West Coast Ensemble in Hollywood has brought the area its first rotating look at Neil Simon's autobiographical trilogy. For the next month, each of the three plays--"Brighton Beach Memoirs," "Biloxi Blues" and "Broadway Bound"--will be presented twice each week.
Because no single actor is in more than one of the plays, the production doesn't meet the fullest definition of repertory . It would be more of a challenge for one actor to play Simon's alter ego, Eugene Morris Jerome, in all three plays.
Yet it's probably just as well that three actors pass the role around. When "Brighton Beach" begins, it's 1937, and Eugene is still a growing boy. That play's Eugene, Jay Lambert, looks exactly the right age, in contrast with some of his predecessors in the role. You can say the same for David Kaufman, as the 1943 Eugene in "Biloxi Blues," and Jeff Wolfman, as the 1949 Eugene in "Broadway Bound."
Four of the other roles overlap between "Brighton Beach" and "Broadway Bound." Because these characters are all grown-ups in both plays, it's conceivable that single actors could do the double duty--with appropriate makeup, of course. This production, perhaps in order to give more actors a chance, doesn't attempt that.
For two of those roles, it doesn't matter much. As Eugene's brother Stan, David Youse in "Brighton" and Chuck Marra in "Broadway" are close enough in looks and spirit that it's easy to believe they're the same character. Likewise with Nancy Boykin as Eugene's Aunt Blanche in "Brighton" and Arlene Malinowski as Blanche in "Broadway."
The casting of Eugene's parents is more problematic. As Kate, Toni Moss-Trenton in "Brighton" is excessively brittle and hard-edged, almost artificially so, while Laura Rittenberg in "Broadway" could use a sharper edge. In the text, the character grows more embittered as the years go by, but that's not the effect here. Rittenberg's performance also was affected on opening night by a slight hesitation with some of her lines.
The problems are more cosmetic in the casting of Eugene's father Jack. Tony Pandolfo in "Brighton" is considerably bigger, with a thicker Old World accent, than Ben D'Aubrey in "Broadway." While each performance is fine in its own context, particularly D'Aubrey's, they're a mismatch when seen in tandem.
None of these concerns come up in Claudia Jaffee's staging of "Biloxi Blues," and it's also the production's most compelling entry in many other respects. Its ensemble is the most seamless, its pacing brisker (and the play itself is slightly shorter).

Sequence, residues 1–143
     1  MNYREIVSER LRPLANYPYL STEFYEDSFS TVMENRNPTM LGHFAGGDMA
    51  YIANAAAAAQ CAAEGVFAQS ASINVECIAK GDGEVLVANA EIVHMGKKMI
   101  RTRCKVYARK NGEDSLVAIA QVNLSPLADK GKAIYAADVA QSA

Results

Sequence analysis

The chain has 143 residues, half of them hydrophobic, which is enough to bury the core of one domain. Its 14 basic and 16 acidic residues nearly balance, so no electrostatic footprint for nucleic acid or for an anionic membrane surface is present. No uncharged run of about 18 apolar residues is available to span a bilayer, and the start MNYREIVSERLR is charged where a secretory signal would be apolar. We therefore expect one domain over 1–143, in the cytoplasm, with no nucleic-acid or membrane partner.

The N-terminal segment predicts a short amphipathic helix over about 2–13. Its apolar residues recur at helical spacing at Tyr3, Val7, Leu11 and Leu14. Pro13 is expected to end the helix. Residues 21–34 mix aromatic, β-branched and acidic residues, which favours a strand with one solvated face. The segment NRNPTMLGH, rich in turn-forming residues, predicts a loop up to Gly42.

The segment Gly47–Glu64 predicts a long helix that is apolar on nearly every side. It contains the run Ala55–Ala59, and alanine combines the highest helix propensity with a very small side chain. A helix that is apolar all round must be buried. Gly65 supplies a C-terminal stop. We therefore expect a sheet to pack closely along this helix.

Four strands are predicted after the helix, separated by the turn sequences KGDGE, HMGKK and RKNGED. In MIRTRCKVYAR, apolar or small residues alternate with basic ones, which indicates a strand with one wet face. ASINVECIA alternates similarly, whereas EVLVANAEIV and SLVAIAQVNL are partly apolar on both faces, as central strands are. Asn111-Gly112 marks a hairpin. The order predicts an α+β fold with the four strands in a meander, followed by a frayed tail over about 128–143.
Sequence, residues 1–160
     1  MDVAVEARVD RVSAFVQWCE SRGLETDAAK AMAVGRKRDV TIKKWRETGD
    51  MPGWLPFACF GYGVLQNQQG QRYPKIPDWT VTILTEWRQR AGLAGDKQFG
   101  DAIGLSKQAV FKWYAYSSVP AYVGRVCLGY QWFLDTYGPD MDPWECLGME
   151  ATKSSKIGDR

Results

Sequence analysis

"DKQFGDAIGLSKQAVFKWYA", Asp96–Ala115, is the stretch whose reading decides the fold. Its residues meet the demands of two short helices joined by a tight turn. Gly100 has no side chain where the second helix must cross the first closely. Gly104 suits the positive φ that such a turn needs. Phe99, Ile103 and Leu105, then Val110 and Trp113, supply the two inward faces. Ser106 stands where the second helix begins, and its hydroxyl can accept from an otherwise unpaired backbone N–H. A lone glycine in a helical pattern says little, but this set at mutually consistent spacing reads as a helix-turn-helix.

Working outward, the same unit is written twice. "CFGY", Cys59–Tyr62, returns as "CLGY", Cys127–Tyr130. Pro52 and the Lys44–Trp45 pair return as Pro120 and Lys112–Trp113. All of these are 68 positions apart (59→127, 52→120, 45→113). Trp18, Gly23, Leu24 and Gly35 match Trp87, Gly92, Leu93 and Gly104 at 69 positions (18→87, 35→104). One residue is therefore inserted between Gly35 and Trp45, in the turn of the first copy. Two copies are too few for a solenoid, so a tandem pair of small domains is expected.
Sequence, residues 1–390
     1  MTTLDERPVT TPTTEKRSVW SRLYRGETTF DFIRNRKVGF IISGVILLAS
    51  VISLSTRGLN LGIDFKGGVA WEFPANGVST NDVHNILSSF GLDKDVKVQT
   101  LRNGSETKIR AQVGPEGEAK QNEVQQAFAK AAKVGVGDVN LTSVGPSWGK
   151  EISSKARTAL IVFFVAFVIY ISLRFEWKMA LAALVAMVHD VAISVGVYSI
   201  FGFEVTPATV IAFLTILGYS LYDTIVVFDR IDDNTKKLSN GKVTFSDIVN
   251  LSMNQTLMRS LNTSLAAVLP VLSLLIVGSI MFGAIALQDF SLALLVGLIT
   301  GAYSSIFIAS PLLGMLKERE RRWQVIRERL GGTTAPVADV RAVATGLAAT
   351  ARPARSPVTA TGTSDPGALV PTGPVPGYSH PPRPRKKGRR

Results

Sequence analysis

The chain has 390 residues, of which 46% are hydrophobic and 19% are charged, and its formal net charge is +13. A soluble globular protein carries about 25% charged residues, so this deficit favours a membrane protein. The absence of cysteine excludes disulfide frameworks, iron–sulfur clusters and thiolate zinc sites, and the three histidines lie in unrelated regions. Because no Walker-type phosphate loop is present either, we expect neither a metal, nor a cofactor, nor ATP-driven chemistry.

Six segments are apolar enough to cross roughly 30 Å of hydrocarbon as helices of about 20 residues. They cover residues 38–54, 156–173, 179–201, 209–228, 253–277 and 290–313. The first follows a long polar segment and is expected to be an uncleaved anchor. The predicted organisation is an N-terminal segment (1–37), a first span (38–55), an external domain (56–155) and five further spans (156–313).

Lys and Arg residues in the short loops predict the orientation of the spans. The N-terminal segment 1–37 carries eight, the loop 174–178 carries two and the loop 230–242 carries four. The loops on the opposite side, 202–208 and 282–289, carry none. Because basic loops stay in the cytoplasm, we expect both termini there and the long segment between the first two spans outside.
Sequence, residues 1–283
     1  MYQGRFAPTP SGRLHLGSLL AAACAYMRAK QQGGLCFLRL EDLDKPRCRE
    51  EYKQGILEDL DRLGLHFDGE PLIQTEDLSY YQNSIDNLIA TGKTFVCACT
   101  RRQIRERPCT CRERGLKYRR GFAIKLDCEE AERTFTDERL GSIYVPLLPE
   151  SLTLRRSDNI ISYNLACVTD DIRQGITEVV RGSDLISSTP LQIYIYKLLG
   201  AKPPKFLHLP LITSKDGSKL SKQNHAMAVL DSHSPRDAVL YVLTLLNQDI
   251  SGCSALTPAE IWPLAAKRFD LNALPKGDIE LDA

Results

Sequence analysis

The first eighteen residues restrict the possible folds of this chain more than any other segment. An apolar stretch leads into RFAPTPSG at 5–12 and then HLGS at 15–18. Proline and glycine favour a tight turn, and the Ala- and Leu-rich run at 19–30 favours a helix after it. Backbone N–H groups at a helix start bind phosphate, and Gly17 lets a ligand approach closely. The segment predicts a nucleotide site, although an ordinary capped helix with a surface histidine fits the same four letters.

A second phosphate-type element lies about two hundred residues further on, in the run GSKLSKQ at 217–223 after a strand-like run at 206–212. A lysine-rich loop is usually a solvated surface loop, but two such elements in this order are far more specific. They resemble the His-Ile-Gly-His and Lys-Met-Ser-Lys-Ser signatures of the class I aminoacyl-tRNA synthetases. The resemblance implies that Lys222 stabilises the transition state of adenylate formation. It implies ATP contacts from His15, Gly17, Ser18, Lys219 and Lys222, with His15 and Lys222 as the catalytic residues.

It's also the one play in which Eugene goes significantly beyond his position as narrator and is thrust onto the hot seat that's reserved for his senior family members in the other plays. Kaufman is up to the challenge, as are Richard Israel as the unit's resolutely stubborn rebel and John Marzilli as its equally resolute drill sergeant. But every member of the "Biloxi" cast is beyond reproach.
Jim Barbaley's set is less streamlined, by necessity, than the set in larger-scale productions of "Biloxi," but Ed Hammond's sound design admirably fills the gaps during the set changes.
Despite the casting blips, Dan Kern's staging of "Brighton" and Paula Catania's of "Broadway" retain most of the plays' ability to move and amuse. "Broadway" in particular boasts two exceptional performances in Marra's Stanley--so alert and alive that Stanley almost becomes the center of the play--and Jack Axelrod's Ben, the cantankerous socialist grandfather.
"Brighton" and "Broadway" share the same overstuffed, well-worn apartment, with appropriate alterations made to reflect the presence of more residents in the earlier play. Patricia Wilson's costumes carefully reflect the eras.
Seen now, "Broadway" no longer seems the grand culmination of everything that went before, as it was described by some critics when it first came out. Certainly the other plays are just as good, and the under-appreciated "Biloxi" has a legitimate claim to be considered the best of the three.
Then again, some critics now imply that all of these were merely the prelude to Simon's current "Lost in Yonkers." Certainly they whet the appetite for "Yonkers," which is scheduled to play two blocks away, at the Doolittle Theatre, next summer.
"Brighton Beach Memoirs," "Biloxi Blues" and "Broadway Bound," West Coast Ensemble, 6240 Hollywood Blvd., Tuesdays-Saturdays, 8 p.m.; Sundays, 2 p.m. Ends Sept. 15. Each play, $15; all three, $30. (213) 788-5900. Running times: "Brighton," 2 hours, 40 minutes; "Biloxi," 2 hours, 30 minutes; "Broadway," 2 hours, 45 minutes.